Yet Another Investor Admits Bid Rigging at Foreclosure Auctions

Allison Tussey —  February 27, 2014 — Leave a comment

Charles Gonzales, Alamo, California, a Northern California real estate investor, has agreed to plead guilty to his role in conspiracies to rig bids and commit mail fraud at public real estate foreclosure auctions in Northern California.

Felony charges were filed in the U.S. District Court for the Northern District of California in Oakland. Including Gonzales, a total of 44 individuals have pleaded guilty or agreed to plead guilty as a result of an ongoing antitrust investigations into bid rigging and fraud at public real estate foreclosure auctions in Northern California.

According to court documents, beginning as early as April 2009 until about October 2010, Gonzales conspired with others not to bid against one another and instead to designate a winning bidder to obtain selected properties at public real estate foreclosure auctions in Alameda County, California. Gonzales was also charged with conspiring to commit mail fraud by fraudulently acquiring title to selected Alameda County properties sold at public auctions and making and receiving payoffs and diverting money to co-conspirators that would have gone to mortgage holders and others by holding second, private auctions open only to members of the conspiracy. The selected properties were then awarded to the conspirators who submitted the highest bids in the second, private auctions. The private auctions often took place at or near the courthouse steps where the public auctions were held.

The primary purpose of the conspiracies was to suppress and restrain competition and to conceal payoffs in order to obtain selected real estate offered at Alameda County public foreclosure auctions at non-competitive prices. When real estate properties are sold at the auctions, the proceeds are used to pay off the mortgage and other debt attached to the property, with remaining proceeds, if any, paid to the homeowner. According to court documents, the conspirators paid and received money that otherwise would have gone to pay off the mortgage and other holders of debt secured by the properties and, in some cases, the defaulting homeowner.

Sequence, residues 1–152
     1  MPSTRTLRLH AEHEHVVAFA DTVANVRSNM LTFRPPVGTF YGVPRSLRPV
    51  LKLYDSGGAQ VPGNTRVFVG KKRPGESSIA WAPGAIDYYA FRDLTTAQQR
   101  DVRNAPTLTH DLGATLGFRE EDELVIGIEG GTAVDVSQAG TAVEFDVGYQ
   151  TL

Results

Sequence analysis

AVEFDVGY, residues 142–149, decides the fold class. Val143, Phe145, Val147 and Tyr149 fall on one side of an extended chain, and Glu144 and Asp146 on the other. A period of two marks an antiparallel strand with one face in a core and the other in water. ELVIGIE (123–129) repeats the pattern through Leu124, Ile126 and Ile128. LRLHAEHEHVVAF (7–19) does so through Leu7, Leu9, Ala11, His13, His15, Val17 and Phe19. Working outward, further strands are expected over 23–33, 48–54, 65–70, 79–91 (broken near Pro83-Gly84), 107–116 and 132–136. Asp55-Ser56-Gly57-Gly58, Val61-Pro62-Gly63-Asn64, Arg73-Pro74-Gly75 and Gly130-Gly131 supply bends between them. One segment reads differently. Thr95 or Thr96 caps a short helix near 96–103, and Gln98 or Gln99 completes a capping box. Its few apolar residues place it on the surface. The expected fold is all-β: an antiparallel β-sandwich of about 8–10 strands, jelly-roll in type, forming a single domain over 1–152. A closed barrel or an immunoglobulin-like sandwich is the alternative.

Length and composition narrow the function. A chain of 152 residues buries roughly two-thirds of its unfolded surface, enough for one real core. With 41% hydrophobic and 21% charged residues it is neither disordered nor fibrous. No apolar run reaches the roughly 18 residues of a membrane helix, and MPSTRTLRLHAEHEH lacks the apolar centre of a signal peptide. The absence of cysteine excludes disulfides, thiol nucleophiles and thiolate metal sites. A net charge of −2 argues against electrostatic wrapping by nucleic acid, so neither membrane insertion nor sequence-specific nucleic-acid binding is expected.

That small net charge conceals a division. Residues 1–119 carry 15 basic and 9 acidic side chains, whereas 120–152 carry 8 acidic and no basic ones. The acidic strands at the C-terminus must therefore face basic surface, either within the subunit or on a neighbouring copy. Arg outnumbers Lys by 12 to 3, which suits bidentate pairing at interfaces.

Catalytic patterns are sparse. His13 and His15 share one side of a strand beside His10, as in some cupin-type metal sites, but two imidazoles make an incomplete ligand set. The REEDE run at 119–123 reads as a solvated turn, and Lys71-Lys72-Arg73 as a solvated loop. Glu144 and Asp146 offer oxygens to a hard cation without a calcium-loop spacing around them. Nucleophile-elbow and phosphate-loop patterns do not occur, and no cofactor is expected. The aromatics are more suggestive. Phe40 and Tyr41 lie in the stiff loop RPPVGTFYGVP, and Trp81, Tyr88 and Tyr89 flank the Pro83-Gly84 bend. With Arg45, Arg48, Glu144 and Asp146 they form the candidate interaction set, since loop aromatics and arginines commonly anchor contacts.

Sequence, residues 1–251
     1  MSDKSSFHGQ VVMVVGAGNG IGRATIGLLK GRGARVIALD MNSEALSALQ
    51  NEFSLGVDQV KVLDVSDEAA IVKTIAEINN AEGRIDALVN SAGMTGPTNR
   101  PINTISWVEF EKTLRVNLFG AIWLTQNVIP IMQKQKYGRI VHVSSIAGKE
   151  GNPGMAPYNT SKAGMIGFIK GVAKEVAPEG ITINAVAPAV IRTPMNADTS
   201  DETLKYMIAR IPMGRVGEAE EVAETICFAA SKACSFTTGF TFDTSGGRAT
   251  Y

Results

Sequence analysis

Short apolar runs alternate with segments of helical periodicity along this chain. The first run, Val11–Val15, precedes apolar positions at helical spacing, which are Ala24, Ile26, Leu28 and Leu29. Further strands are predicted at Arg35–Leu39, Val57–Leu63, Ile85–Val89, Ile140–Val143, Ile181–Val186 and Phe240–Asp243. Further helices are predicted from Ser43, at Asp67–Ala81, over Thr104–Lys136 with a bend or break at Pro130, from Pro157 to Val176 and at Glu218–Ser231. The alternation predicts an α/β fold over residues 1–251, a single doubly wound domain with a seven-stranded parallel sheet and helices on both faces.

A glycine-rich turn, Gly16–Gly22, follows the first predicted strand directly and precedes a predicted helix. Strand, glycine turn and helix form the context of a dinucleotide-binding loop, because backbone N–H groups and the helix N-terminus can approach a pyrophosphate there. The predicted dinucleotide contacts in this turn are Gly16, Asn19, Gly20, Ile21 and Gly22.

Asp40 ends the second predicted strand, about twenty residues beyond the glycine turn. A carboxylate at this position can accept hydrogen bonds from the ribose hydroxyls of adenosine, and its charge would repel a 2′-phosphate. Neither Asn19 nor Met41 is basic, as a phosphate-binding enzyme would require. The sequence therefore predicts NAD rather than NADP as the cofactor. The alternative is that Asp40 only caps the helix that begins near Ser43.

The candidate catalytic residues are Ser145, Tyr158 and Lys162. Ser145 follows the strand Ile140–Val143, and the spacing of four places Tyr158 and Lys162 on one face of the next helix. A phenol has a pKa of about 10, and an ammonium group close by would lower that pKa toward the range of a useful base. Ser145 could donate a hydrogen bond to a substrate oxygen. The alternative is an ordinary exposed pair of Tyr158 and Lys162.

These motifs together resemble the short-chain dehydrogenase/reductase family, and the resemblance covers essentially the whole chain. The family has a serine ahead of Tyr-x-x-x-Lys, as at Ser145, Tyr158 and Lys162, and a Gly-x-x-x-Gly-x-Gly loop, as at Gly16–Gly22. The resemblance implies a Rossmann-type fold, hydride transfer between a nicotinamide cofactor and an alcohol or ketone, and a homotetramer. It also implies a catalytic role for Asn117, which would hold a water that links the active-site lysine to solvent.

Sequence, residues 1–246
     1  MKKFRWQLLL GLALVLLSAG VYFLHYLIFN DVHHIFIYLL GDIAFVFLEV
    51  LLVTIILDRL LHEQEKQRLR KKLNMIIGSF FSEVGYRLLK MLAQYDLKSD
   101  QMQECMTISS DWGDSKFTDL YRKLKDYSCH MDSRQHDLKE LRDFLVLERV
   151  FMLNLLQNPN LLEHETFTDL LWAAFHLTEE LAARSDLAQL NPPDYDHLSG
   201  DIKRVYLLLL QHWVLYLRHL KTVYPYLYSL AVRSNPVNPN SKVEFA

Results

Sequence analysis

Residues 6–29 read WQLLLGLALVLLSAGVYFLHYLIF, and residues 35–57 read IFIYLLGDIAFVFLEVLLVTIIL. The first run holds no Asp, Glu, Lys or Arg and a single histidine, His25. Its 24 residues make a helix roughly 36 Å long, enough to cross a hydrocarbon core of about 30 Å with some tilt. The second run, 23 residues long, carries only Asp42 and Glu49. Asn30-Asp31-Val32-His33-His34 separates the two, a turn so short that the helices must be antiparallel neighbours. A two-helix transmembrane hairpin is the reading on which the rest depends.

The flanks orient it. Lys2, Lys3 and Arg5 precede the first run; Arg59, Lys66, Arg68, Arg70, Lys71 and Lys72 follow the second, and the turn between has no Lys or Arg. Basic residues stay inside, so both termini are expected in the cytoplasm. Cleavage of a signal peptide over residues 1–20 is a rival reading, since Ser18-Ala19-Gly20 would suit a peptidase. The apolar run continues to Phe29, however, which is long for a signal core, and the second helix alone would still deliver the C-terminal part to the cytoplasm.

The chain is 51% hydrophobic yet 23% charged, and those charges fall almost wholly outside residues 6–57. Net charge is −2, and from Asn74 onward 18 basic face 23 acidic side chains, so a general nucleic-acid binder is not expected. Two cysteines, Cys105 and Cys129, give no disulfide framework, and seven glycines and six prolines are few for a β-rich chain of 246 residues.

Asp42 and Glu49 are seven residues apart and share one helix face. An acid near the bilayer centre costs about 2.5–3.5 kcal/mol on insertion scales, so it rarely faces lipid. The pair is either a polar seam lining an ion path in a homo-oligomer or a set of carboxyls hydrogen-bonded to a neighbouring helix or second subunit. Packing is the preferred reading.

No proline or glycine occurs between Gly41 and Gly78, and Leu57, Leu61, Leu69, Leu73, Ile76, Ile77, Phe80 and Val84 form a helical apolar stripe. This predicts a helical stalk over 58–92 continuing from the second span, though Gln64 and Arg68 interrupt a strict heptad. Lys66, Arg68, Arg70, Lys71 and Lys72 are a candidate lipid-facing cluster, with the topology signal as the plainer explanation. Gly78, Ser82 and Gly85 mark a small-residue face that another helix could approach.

A violation of the Sherman Act carries a maximum penalty of 10 years in prison and a $1 million fine for individuals. The maximum fine for the Sherman Act charges may be increased to twice the gain derived from the crime or twice the loss suffered by the victim if either amount is greater than $1 million. A count of conspiracy to commit mail fraud carries a maximum sentence of 30 years in prison and a $1 million fine. The government can also seek to forfeit the proceeds earned from participating in the conspiracy to commit mail fraud.

The Department of Justice announced the guilty plea.

“The Antitrust Division’s ongoing investigation has resulted in charges against 44 individuals for their roles in schemes that defraud distressed homeowners and lenders,” said Bill Baer, Assistant Attorney General in charge of the Department of Justice’s Antitrust Division. “The division will continue to work with its law enforcement partners to vigorously protect competition at the local level.”

“The symbolism of holding illegitimate and fraudulent private auctions near a courthouse is deplorable,” said David J. Johnson, FBI Special Agent in Charge of the San Francisco Field Office. “The justice system will continue to prevail in this ongoing investigation pursuing bid rigging and fraud at public foreclosure auctions.”

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Allison Tussey

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